With all due respect to the people who went out and bought those records, they are just rubbish. Particularly The Division Bell; it's just nonsense from beginning to end. A Momentary Lapse of Reason had a couple of really nice tunes on it that, had I still been in the band, those chord sequences and melodies would have been made it onto a record that I was involved in. But conceptually and lyrically, it's just rubbish, partly because it's not true. It's like, "Let's try and write songs that sound as if they're Pink Floyd and make records that sound like Pink Floyd records."

Eric Stewart of 10cc told me how he got a phone call from Dave Gilmour where Dave said, "We're trying to make a new record, and we need a concept. Got any ideas?" It was funny, and it really pissed me off at the time. It pissed me off that no one saw through any of that. But I think history is starting to show that none of that stuff is really lasting. The last record was kind of pure ''Spinal Tap.'' Dave got his new wife to write lyrics!

Did you break up the band because their ability to execute your ideas was faltering?

They said all that stuff about what a horrid person I was and how I wouldn't let anyone have their say and how they are now working together as a band. Bullocks! Nobody had any say in anything except Gilmour, except that he needed Rick to write songs. I left because it was just no longer good for any of us. They were getting upset ... Rick Wright had been fired by mutual consent of us all, notwithstanding what they've all said since about how it was horrid old me. Gilmour and Mason absolutely agreed to getting rid of Rick because he'd become impossible to work with.

In fact, at the time, I was having a conversation with Dave about Rick, and he was saying, "Let's get rid of Nick too." That was the state everything was in. But I was finding my feet more and had things I wanted to say melodically, thematically, and lyrically. So I was writing more and more, Dave was writing less and less, Rick had gone, and Nick never wrote anything anyway, so in the end it was me writing everything.

The end came when we did The Final Cut, and Dave said he didn't think the record was good enough, so I asked him if he had any songs. Well, he hadn't got any. He wanted me to shelve it for a year, so he could write some songs. I said, "C'mon Dave, you haven't written any songs for five years, what makes you think you're going to start writing songs now?" I told him I'd release it as a solo record if they wanted, but they didn't want that either. That was the big bust-up really. There was so much rancor by the end of it.


A Look Back With Roger Waters

By Greg Kot

In part two of our interview with Roger Waters, the founding member of Pink Floyd discusses his solo career and the overriding themes in his work.

Though often regarded as a somewhat bleak, if not cynical, visionary, Waters says the doom-and-gloom interpretation misses the point. The set list for his current solo tour is more than just about reclaiming his Floydian legacy, he says. It will highlight the thematic and lyrical ideas that have always interested him, and provide a thread for understanding his career, both with and without Pink Floyd.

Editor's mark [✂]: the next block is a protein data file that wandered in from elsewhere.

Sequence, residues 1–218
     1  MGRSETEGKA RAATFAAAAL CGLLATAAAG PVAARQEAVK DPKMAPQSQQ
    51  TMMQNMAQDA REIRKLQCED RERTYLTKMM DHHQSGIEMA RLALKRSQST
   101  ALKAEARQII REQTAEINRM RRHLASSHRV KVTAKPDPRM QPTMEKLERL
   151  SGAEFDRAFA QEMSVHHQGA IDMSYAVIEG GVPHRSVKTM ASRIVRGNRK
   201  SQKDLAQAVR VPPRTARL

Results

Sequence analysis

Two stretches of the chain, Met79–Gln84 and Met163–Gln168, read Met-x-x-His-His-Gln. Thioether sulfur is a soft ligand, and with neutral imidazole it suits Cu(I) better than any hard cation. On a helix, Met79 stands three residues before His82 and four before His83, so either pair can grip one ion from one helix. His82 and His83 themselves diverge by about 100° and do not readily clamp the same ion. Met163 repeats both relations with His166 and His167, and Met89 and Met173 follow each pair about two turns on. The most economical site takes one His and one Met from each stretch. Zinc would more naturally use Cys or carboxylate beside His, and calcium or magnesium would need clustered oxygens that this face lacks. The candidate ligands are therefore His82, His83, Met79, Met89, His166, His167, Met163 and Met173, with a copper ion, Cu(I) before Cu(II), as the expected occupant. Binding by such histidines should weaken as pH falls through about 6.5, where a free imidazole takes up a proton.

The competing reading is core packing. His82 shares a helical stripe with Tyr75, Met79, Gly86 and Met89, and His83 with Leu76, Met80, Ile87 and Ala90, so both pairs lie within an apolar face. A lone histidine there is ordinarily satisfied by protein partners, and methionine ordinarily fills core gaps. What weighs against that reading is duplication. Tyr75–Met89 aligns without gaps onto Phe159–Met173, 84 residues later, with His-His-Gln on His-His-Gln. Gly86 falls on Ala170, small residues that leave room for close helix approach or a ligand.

From the "Echoes" era to his most recent solo album, Amused to Death, Waters says he is drawn to songs that connect people to each other. Who says that we're all just bricks in the wall?

Are you happy with the albums you've done without the rest of Floyd?

They all have some songs on them that I am really happy with. I think I went down a bit too much of a techno road on Radio KAOS [1987]. I wish I had done it slightly differently. Having said that, I liked Ian Ritchie, who produced the record with me and did a lot of the sequencing very well.

I'm not sure I made all the right decisions making those records, but I don't regret making them. And Amused to Death [1992] is I think a kind of classic masterpiece [laughs]. I think it's a really great record.

As good as Dark Side of the Moon or Wish You Were Here?

Absolutely. I don't think there is any question that if that record had Pink Floyd written on the front of it, it would have done huge numbers.

The one thing that links Amused to Death to your best work is its moral perspective, its sense of compassion.

My hope would be that my work would enable spiritual change in people. I hope that's what it does for me. It seems to me that if art has any responsibility, I described it in a poem I wrote after reading Cormac McCarthy's All the Pretty Horses. The poem starts off: "There is a magic in some books/That sucks a man into connections/With the spirits hard to touch/That join him to his kind."

Those couple of lines express what it is that I feel about art. When I read that novel it touches me in a way that helps me to connect. I suppose that my work over the years has been partly a way to explain to myself my feelings about the loss of my father [who died in World War II] and to express my feelings of shame and alienation. I hope to express myself in a way that is accessible to other human beings and to illuminate not only my life, but theirs as well.

I look back to a song like "Echoes" [from the 1971 Floyd album Meddle], which has the lines "Two strangers passing in the street/By chance two passing glances meet/And I am you/And what I see is me." It's that connection that is central to all my work -- not just with other men, women, and children, but with whatever you want to call God.